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Article Details
Everything in Moderation
2009-01-11 12:43:29
 



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When it comes to exercise we each determine what we can or cannot do, and how hard we push ourselves. Some follow the all-or-nothing principle, believing that if exercise is good for you it has to be hard, even painful.

Then along came the 1996 Surgeon General\'s Report on Physical Activity, detailing the benefits of moderate physical activity. It was then that people began questioning exactly what \'\'moderate activity\'\' means.

You don't have to put out a lot to gain a lot

The perceived exertion scale, above, shows you how little exertion is required to benefit from regular physical activity. It is used by exercisers to rate their exertion during any type of fitness program.

Exercise rated in the 11 to 15 range is enough to improve cardiovascular condition. But even less than that - exertion rated in the 8 to 12 range, which is very light to moderate activity - can bring many health benefits.

Limitless options

There are few limitations on what types of activities you can do at a moderate intensity. The Surgeon General\'s Report includes a recommendation that everyone accumulate 30 minutes or more of physical activity on most or all days of the week. Brisk walking is the most popular choice since it can easily be incorporated into a busy day, has low injury rates, doesn\'t require special skills or equipment, and can be done by anyone at any age.

But don\'t forget the things you do everyday. Gardening provides a multitude of opportunities for improving muscle strength, as does waxing the car or vacuuming the carpet. One of the appealing aspects of this type of exercise program is that the amount of exercise you need to accumulate can be adapted according to the length of time, intensity or frequency with which you exercise.

The road ahead

Now that you know physical activity need not be overly strenuous to be beneficial, it\'s time to get started. To insure that you\'re able to stick with exercise, choose activities you enjoy that can easily become part of your routine.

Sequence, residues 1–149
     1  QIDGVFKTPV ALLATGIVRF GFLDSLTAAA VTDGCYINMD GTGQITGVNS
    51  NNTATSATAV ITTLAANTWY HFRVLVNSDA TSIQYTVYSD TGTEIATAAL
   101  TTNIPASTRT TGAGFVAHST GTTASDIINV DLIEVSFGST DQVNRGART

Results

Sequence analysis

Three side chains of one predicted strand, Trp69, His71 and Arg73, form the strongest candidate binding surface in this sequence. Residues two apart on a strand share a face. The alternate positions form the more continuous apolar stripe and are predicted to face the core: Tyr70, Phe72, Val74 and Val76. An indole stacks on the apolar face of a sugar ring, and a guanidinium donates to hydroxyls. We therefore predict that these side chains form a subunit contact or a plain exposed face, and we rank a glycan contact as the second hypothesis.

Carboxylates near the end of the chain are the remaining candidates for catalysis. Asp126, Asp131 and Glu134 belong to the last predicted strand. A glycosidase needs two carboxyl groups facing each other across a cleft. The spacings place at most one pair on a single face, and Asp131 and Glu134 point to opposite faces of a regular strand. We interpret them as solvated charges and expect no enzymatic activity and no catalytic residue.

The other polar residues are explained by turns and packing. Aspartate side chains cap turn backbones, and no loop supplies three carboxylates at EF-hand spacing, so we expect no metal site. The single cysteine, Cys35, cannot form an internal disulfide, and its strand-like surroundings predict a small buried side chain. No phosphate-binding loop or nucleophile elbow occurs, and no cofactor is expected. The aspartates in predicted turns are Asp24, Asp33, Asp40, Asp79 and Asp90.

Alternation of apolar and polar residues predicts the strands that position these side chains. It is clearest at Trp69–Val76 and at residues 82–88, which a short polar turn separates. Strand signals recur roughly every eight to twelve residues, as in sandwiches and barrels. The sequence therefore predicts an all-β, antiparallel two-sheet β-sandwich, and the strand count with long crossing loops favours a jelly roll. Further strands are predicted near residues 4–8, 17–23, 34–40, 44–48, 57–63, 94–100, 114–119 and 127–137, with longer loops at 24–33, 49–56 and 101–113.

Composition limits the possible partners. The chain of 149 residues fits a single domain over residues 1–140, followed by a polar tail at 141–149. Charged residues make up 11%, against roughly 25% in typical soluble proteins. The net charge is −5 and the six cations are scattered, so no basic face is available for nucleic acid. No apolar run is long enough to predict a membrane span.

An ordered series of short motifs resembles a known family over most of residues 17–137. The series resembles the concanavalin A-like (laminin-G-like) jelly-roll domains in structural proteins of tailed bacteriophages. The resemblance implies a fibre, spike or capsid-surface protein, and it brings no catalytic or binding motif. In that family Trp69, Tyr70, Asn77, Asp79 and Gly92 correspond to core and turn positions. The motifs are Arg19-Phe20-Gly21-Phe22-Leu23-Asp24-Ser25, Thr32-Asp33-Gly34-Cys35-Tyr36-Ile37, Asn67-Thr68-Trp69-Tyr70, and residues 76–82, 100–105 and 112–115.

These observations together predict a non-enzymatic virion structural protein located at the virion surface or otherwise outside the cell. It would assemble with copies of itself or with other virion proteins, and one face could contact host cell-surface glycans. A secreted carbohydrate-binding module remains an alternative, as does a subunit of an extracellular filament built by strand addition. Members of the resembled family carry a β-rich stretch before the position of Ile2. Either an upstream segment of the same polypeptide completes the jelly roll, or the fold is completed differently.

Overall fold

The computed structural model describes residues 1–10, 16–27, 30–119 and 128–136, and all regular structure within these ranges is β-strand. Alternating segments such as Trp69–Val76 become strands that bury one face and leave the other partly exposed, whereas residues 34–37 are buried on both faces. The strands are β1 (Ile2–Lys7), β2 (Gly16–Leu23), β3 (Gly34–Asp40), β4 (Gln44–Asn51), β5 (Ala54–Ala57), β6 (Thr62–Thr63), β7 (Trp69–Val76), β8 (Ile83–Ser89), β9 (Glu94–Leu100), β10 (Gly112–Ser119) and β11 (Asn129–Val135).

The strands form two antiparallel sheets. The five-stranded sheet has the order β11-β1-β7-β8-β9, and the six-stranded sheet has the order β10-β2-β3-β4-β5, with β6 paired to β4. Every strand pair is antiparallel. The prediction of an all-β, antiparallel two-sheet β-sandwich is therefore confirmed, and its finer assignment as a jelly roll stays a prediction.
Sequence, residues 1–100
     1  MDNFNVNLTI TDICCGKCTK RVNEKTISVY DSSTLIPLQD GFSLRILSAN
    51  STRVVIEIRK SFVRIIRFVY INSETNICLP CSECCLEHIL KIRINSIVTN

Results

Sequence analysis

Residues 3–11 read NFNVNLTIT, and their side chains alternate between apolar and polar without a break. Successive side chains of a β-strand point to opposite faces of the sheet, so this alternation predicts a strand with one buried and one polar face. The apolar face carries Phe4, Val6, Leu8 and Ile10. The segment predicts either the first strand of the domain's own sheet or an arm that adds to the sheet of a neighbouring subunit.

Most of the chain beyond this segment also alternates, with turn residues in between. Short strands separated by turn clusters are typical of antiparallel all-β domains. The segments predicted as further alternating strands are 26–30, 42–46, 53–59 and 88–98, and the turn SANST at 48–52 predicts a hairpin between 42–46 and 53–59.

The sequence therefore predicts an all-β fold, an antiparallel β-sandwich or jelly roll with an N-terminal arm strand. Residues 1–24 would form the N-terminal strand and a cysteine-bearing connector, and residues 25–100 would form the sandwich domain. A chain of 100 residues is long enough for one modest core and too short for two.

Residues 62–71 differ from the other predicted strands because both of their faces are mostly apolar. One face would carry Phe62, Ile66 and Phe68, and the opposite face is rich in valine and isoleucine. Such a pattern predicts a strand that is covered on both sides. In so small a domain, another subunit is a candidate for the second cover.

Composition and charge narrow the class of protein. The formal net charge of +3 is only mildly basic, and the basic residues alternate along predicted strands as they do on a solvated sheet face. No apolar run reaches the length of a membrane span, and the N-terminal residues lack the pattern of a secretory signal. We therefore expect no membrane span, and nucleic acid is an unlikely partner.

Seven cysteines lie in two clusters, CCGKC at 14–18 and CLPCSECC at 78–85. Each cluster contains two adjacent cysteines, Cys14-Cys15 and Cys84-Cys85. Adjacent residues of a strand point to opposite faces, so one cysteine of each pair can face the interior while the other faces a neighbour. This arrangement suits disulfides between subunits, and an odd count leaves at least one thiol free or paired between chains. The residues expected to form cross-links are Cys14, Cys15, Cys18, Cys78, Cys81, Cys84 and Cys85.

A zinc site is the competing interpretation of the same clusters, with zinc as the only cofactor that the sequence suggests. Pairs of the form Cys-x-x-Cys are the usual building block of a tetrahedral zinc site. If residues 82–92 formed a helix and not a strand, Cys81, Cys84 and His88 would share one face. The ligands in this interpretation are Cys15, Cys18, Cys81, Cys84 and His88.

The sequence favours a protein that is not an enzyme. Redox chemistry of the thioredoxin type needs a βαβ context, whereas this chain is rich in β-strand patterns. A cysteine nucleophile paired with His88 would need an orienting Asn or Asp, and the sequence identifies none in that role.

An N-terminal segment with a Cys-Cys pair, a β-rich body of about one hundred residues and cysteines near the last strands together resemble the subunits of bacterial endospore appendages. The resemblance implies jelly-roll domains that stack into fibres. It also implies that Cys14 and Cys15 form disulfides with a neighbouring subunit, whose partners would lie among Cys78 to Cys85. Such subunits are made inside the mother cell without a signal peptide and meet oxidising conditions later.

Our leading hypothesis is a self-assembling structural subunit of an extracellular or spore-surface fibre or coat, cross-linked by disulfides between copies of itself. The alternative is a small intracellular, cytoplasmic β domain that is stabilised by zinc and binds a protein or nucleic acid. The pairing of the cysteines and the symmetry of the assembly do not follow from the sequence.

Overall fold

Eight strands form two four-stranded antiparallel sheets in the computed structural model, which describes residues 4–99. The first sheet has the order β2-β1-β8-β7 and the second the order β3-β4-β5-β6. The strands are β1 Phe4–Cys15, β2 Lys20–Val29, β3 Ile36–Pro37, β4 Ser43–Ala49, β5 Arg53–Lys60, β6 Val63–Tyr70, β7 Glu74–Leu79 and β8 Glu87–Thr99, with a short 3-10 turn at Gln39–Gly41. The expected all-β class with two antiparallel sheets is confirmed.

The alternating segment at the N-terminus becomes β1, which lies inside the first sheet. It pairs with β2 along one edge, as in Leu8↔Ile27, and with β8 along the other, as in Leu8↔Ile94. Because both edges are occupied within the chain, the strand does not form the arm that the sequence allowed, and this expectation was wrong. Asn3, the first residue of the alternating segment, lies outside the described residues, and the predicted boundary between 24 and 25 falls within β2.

Begin slowly, giving the body time to adjust, and work up to the desired amount and intensity. If you have any chronic health problems, or are at risk for any (e.g., heart disease, diabetes, obesity), consult with your physician before starting any activity.

Examples of moderate amounts of activity

 

  • Washing and waxing a car for 45-60 minutes

     

  • Washing windows or floors for 45-60 minutes

     

  • Playing volleyball for 45 minutes

     

  • Playing touch football for 30-45 minutes

     

  • Gardening for 30-45 minutes

     

  • Wheeling self in wheelchair for 30-40 minutes

     

  • Walking 1 3/4 miles in 35 minutes (20 min/mile)

     

  • Basketball (shooting baskets) for 30 minutes

     

  • Bicycling 5 miles in 30 minutes

     

  • Dancing fast (social) for 30 minutes

     

  • Pushing a stroller 1 1/2 miles in 30 minutes

     

  • Raking leaves for 30 minutes

     

  • Walking 2 miles in 30 minutes (15 min/mile)

     

  • Water aerobics for 30 minutes

     

  • Swimming laps for 20 minutes

     

  • Wheelchair basketball for 20 minutes

     

  • Basketball (playing a game) for 15-20 minutes

     

  • Bicycling 4 miles in 15 minutes

     

  • Jumping rope for 15 minutes

     

  • Running 1 1/2 miles in 15 minutes (10 min/mile)

     

  • Shoveling snow for 15 minutes

     

  • Stairwalking for 15 minutes

Reprinted from the Surgeon General\'s Report on Physical Activity and Health


This ACE Fit Fact is taken from ACE FitnessMatters® magazine. Want more information like this delivered directly to your home? ACE FitnessMatters, the bi-monthly magazine from the American Council on Exercise® (ACE®), is the source for the most accurate, up-to-date fitness information you need to live a healthy, active life. Subscribe to ACE FitnessMatters Magazine online or call 1-888-825-3636.
The American Council on Exercise does not endorse or promote the companies, products or services that reside on this website. ACE does not receive revenue generated from any organizations that advertise on this Web site. Copyright 2003 American Council on Exercise. All Rights Reserved.

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